Last week I went for a 22km bike ride through the city, using almost exclusively the multi-use pathways. I started in Vanier, following the Rideau River south to Lees avenue, where I crossed the river and found my way to the Rideau Canal. I toured the canal to Dow's Lake and looped through the Arboretum before returning to Vanier. After my tour, I felt like I knew the city better, like all that time spent travelling around it in a car only skimmed the surface. I encountered many people biking, jogging, and walking. It felt so good to be outside in the sunshine and appreciating the urban wildlife.
|Mallard couple and Wood duck couple on a double date|
Along my travels I spotted lots of ducks, particularly along the Rideau River. Mallards (Anas platyrhynchosi), Wood ducks (Aix sponsa), and even a merganser were seen cruising through the city.
|Female merganser - Hooded I think?|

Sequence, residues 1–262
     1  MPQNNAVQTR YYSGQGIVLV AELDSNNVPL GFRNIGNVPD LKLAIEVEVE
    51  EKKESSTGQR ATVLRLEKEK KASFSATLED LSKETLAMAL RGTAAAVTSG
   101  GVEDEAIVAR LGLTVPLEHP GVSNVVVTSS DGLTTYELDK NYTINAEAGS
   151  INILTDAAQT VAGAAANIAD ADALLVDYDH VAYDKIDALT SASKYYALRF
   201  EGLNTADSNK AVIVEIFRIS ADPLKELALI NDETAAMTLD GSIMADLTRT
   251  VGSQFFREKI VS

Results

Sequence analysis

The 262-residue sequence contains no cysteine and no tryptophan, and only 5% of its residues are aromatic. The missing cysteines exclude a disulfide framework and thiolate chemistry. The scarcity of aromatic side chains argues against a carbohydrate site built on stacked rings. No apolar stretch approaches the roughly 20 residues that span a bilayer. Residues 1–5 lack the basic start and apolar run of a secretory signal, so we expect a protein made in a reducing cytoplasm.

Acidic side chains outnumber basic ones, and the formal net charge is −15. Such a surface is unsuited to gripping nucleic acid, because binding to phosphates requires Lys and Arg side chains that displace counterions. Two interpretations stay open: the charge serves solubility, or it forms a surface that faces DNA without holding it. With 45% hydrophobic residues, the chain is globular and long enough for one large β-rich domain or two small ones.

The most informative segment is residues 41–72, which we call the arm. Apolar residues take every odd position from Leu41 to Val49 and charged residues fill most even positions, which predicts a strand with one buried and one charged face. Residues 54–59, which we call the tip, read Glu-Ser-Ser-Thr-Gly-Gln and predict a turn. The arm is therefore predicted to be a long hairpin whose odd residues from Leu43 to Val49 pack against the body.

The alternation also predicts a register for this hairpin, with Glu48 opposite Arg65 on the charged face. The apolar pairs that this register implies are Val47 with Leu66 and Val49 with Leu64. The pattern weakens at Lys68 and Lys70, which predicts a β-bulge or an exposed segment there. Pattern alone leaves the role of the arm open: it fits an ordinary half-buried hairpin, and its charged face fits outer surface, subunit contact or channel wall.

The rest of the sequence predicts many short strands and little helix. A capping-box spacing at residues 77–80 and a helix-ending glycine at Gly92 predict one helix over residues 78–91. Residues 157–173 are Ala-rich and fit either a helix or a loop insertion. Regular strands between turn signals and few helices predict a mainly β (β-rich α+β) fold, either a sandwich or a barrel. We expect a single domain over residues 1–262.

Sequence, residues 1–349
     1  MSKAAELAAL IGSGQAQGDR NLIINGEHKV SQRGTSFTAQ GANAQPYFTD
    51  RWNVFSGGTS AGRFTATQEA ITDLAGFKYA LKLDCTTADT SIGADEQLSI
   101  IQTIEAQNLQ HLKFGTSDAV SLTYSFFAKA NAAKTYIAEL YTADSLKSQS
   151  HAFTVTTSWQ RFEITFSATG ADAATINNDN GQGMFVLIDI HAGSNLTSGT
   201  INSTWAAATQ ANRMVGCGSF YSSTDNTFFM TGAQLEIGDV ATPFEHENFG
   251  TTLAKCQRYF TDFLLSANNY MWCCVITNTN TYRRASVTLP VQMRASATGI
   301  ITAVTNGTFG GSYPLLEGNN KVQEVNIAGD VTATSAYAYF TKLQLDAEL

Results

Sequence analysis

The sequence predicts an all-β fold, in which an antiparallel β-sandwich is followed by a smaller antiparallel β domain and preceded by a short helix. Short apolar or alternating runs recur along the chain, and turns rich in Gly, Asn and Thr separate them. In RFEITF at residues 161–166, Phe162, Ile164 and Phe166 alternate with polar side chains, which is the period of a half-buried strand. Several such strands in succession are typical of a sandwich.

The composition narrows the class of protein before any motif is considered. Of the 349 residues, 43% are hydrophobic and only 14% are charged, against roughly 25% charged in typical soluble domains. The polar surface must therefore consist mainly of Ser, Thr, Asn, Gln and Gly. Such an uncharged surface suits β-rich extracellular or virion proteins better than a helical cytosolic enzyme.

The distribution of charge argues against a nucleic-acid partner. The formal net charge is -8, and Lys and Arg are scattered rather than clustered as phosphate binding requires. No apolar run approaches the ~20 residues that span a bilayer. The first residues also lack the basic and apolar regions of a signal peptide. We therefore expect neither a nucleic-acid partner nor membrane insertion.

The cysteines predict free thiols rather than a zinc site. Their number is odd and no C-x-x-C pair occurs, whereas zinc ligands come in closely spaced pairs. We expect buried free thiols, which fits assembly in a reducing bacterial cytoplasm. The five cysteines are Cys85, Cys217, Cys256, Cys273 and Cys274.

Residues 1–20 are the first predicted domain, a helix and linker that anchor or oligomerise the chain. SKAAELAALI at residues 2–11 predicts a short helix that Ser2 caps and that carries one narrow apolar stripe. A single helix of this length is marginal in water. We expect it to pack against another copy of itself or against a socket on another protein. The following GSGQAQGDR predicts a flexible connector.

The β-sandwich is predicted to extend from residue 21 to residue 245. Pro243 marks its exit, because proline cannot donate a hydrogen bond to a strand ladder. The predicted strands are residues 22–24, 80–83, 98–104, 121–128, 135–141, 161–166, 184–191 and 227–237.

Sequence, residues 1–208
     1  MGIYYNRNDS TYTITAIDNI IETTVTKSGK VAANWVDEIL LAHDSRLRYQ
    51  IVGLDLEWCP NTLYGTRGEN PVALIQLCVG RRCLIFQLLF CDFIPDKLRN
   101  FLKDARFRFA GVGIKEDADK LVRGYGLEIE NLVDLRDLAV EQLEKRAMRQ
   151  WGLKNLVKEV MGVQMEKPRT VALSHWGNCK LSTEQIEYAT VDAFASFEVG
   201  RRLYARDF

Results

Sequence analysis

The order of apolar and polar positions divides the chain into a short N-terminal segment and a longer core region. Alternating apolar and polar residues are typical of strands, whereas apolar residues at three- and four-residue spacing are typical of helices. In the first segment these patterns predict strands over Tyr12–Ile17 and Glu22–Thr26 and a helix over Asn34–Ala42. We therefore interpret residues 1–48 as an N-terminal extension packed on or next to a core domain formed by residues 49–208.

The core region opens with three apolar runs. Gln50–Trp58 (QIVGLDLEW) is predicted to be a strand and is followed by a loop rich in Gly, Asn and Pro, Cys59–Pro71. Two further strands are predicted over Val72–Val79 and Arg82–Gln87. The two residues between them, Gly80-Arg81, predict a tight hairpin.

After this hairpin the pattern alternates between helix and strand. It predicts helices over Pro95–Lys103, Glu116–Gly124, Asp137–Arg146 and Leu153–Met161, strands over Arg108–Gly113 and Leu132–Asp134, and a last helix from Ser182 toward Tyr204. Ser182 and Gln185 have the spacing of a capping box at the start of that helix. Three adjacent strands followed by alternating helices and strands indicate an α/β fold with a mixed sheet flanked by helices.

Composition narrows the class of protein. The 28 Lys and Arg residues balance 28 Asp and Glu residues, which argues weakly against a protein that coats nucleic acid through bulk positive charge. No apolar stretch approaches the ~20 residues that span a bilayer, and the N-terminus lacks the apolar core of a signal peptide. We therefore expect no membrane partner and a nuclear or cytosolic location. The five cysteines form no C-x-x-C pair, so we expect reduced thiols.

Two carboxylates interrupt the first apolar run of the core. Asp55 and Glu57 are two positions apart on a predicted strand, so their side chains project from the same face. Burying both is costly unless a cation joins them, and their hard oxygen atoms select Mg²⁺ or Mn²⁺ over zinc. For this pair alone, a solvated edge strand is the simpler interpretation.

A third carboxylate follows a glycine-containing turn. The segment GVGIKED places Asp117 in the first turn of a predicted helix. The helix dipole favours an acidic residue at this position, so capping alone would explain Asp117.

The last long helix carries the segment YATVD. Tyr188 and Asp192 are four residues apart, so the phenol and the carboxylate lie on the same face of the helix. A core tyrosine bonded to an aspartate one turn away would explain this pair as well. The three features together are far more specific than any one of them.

I think this was a female Hooded Merganser (Lophodytes cucullatus), and I really really hope I'm right, because if there are female hooded mergansers around, the males can't be far behind, and in my opinion, male hooded mergansers are the silliest looking creatures we have here in Canada. You be the judge. Go on, I dare you to show me a more absurd Canadian animal!
|Lady Wood Duck|
|Male Wood Duck - he knows he's good looking|
The wood ducks were pretty cool to see since I haven't seen them very often before. I guess I was looking in all the wrong places, since there were several pairs along the Rideau River last week. Wood ducks nest in tree hollows or man-made nest boxes. You may remember this scene from Planet Earth when the Mandarin Ducklings (the European relative of the Wood Duck) take their leap of faith from their nest way up in the trees. Habitat loss (including loss of suitable trees for nesting) and over-harvesting drove this once abundant species to near extinction in the early 20th century. Protection by the Migratory Bird Treaty Act (1918) and the construction of man-made nest boxes allowed wood duck populations to rebound and they are no longer a species at risk.